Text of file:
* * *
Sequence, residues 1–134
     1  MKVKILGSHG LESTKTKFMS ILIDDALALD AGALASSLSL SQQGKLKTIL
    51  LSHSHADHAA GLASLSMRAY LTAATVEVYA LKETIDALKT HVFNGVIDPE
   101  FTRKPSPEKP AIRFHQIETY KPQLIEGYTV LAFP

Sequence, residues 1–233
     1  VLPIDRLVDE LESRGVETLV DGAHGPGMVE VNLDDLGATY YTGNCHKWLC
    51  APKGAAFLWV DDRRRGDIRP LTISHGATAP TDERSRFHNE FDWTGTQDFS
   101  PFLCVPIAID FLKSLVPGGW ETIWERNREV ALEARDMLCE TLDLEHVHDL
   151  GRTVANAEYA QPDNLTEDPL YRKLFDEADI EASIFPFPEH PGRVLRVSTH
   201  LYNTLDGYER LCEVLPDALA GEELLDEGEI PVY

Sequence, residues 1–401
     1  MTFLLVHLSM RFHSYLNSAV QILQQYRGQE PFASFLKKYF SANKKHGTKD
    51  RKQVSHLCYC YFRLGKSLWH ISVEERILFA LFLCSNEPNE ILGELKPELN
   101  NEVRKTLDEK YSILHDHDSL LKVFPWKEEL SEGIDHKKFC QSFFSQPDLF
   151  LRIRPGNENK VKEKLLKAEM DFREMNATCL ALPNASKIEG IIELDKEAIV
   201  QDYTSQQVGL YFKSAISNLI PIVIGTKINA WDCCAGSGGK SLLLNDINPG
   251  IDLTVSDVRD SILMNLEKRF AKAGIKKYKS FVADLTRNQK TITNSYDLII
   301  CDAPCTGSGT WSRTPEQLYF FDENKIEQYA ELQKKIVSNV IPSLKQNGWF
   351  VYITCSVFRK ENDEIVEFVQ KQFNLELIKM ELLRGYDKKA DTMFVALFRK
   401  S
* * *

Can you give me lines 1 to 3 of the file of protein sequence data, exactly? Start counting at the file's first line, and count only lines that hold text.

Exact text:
Sequence, residues 1–134
     1  MKVKILGSHG LESTKTKFMS ILIDDALALD AGALASSLSL SQQGKLKTIL
    51  LSHSHADHAA GLASLSMRAY LTAATVEVYA LKETIDALKT HVFNGVIDPE